Neil Seejoor/Contributing Photographer

Even if you haven’t been in one of their classes, you might have heard about the Merriwethers, the husband-and-wife professors in Binghamton who work with a herd of funny looking farm animals. Aside from teaching college students, the Merriwethers also raise alpacas.

To learn about the Merriwether lifestyle, I visited Dr. David A. Merriwether in his lab in the Science III building. Yes, the lab looked like something out of CSI. Yes, it was cool. No, I didn’t touch anything.

The Merriwethers call their grand alpaca estate Nyala Farm.

“[My grandfather] used to say it was a Native American word for ‘old broken down barn,’” Merriwether said. But the name of the farm actually stands for New York (ny) and Alabama (ala), after the respective places his grandparents are from, who christened their own Nyala farm back in the day.

Okay, makes sense. But why, of all creatures, alpacas?

“We wanted to raise something that we didn’t have to kill to utilize,” Merriwether explained. Because of their soft, bountiful fleece, they are worth more alive than dead.

The Merriwethers moved to Binghamton from the University of Michigan at Ann Arbor in 2003, bringing eight alpacas with them. Today, they have 80.

“We make and sell things from their fleece, from their wool,” Merriwether said. “We show the alpacas in shows and we sell them.”

While Merriwether is an anthropologist, he and alpacas actually go way back. The South American camelids were always in his peripheral vision, even during his dissertation on genetic variation in South American Indians. He spent time in Chile and Peru while working on his collections, the alpaca motherland. He got better acquainted with them later on.

“I was at the University of Michigan and I had one of the few ancient DNA labs in the world,” Merriwether said. “So people would come to train with me. I had students come from Chile who wanted to learn how to work with ancient DNA, and one of them … wanted to work on camelids. So he brought all these bones from guanacos and vicuñas and alpacas and llamas, and I taught him how to extract DNA from them, how to work with ancient DNA.”

Merriwether got acquainted with alpacas in the flesh, and not just the DNA, while in Michigan during a parade.

“There were some local clubs, 4H [youth development] groups that had alpacas and llamas and they were walking them in a parade, and [my wife and I] said, ‘Those are cool, what are they? They’re really funny looking Dr. Seuss-looking things.’” So the Merriwethers did research and learned that they could make money breeding, selling and shearing them. They also thought these profitable Dr. Seuss-looking things could provide a wholesome family activity for them and their two daughters. They bought three females and two males. So began the legacy.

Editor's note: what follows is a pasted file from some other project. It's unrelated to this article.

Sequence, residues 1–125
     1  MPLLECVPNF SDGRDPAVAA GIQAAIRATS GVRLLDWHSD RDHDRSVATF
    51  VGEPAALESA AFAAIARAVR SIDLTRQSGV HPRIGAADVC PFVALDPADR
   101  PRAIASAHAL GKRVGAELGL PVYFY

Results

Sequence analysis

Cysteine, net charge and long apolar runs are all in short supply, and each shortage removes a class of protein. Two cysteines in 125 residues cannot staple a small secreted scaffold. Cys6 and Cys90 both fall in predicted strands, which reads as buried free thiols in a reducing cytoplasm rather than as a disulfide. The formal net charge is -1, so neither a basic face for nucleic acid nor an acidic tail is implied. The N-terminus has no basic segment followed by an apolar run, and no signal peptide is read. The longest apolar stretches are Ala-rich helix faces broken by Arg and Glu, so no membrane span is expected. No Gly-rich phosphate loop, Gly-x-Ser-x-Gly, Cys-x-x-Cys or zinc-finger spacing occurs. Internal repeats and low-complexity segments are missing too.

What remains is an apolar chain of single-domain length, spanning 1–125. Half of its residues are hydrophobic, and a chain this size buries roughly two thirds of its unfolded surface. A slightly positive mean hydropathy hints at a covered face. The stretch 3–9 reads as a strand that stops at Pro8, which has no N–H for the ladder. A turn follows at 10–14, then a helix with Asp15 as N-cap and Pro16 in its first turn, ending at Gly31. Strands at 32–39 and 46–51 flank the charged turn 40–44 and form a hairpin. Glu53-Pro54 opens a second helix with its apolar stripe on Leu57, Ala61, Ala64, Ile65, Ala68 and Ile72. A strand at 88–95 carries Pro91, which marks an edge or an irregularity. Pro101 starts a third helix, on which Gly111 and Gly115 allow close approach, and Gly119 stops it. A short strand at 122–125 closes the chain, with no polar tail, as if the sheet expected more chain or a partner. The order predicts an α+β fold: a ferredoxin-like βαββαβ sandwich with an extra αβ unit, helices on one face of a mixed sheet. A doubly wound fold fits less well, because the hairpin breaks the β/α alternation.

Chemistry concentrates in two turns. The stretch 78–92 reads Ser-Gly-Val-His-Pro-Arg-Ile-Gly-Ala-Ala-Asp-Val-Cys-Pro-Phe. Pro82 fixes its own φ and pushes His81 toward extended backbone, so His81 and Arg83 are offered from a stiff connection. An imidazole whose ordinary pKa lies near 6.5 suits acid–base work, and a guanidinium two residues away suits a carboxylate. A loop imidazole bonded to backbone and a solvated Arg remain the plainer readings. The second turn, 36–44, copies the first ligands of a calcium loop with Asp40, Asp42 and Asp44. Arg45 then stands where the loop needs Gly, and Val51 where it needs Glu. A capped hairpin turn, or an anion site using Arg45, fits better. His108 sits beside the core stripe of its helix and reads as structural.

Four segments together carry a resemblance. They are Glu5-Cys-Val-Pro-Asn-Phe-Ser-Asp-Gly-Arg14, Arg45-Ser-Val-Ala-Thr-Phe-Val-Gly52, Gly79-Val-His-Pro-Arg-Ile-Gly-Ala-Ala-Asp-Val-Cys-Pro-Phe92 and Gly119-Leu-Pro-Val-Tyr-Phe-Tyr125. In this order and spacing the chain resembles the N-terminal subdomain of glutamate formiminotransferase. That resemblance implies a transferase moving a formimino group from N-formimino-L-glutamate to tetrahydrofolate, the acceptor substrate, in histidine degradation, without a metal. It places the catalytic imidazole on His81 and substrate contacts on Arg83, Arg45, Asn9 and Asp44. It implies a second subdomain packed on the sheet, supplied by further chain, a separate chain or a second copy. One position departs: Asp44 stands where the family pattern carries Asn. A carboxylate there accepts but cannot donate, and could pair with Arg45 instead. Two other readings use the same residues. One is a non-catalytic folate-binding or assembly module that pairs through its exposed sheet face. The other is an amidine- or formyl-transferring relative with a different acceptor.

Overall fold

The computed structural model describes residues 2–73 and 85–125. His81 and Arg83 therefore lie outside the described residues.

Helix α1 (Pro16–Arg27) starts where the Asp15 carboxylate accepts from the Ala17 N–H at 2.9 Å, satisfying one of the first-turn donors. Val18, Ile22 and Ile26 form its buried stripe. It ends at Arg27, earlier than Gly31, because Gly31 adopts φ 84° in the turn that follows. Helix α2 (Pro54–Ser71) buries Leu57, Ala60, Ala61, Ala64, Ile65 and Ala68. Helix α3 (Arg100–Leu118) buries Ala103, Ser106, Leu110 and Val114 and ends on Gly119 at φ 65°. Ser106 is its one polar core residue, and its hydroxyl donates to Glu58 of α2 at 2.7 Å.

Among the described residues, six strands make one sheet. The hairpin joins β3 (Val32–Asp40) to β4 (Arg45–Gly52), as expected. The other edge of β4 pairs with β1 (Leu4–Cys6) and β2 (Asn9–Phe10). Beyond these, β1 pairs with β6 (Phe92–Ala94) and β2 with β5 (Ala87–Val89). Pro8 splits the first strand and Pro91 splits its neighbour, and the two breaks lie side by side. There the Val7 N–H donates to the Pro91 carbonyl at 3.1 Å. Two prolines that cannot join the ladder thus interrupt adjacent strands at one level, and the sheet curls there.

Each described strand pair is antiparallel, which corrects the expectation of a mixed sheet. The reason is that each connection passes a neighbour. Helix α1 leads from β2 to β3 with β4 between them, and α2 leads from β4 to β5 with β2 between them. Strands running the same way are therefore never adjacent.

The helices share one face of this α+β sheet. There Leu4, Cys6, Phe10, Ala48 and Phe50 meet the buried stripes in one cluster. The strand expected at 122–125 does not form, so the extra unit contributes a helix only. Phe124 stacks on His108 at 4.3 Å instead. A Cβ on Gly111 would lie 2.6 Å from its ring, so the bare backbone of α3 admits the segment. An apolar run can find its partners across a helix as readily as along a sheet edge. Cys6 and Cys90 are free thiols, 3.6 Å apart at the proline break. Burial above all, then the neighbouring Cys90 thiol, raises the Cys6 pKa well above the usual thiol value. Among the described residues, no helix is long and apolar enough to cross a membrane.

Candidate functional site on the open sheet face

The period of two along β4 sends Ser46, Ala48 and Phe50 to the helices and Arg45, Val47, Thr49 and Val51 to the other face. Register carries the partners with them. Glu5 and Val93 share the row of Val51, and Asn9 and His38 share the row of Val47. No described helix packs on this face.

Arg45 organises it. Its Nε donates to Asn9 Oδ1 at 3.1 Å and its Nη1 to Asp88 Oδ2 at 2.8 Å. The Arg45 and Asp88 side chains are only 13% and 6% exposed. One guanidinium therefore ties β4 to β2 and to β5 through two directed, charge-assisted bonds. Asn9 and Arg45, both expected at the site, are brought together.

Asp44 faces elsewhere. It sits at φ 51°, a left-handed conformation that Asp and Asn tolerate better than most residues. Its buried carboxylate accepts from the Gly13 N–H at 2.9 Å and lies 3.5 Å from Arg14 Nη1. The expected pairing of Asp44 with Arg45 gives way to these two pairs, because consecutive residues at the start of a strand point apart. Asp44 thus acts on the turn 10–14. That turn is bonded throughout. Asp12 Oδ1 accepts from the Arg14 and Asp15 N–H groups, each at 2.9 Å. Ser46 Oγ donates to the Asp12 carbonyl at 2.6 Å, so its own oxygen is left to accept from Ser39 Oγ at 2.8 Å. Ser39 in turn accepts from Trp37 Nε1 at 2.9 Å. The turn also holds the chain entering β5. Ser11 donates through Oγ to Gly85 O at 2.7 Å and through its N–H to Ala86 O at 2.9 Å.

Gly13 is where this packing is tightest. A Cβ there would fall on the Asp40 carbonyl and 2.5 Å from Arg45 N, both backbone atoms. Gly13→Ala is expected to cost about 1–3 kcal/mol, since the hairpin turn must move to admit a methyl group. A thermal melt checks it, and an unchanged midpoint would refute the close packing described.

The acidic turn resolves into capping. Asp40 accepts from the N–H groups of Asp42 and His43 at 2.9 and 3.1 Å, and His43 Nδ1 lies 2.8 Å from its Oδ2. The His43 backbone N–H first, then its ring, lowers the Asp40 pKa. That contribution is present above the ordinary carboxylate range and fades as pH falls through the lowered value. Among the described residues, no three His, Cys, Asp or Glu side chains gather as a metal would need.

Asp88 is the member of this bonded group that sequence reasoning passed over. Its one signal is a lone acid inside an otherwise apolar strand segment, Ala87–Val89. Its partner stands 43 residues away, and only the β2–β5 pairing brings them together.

The Merriwethers also use their alpacas for genetic research. Juan Carlos Morin, who is now a professor in Argentina working on camelid genetics, inspired Merriwether to start thinking about alpacas in a different way while he was a student in his DNA lab. Instead of studying alpacas just to glean their benefits to humans, he began to study them on their own terms. He noticed that in the wild, alpacas don’t have very much fleece, yet humans have turned them into cuddly animals that produce 20 pounds of fleece a year.

“I became very interested in how things became domesticated at that point,” Merriwether said. “So I study the origins of domestication of anything that makes clothing.”

The DNA analysis skills Merriwether used to study humans were still useful when studying animals.

“I learned all my skills from studying humans, but DNA is DNA,” he said. “So the skills I learned have made me uniquely positioned to study some of these species that not many people were looking at.”

So it seemed inevitable that within the first couple years of owning alpacas, Merriwether started collecting samples from his herd. By 2003 he set up a gene bank for camelids. He’s contributed to the alpaca genome project, where the entire genome of a single alpaca was sequenced. It was one from his herd.

Merriwether’s study of alpacas still pertains to humans, though. He’s studying choanal atresia, a defect that “means you don’t have an opening in your cheekbones that lets you breath from your nose to your lungs,” Merriwether said. “Humans get it too, but it’s much rarer for us than for alpacas.” According to Merriwether, drug companies contribute few resources to the defect because there’s little promise of financial gain.

“They call them ‘orphan drugs,’” Merriwether said about these rare human afflictions. Today he is working to help these people whose suffering is otherwise overlooked by large medical industries.

“Maybe what causes it in alpacas is what causes some of those in humans,” he said. “So alpacas may be the best animal model for choanal atresia in humans.”

Because their daughters are going away to school, the Merriwethers are downsizing their farm.

“I’m losing my labor force, so we’re gonna probably downsize the herd quite a bit, get it down to something like 30 animals. We’ve been selling them,” Merriwether said.

But their daughters aren’t the only people who can help on the farm. Binghamton vet students come to Nyala farm every month to help with alpaca health and vaccinations for veterinary experience. Merriwether also has a few students who come and help do chores on the farm “because they’re nice.” They might also do it because alpacas are fun to look at.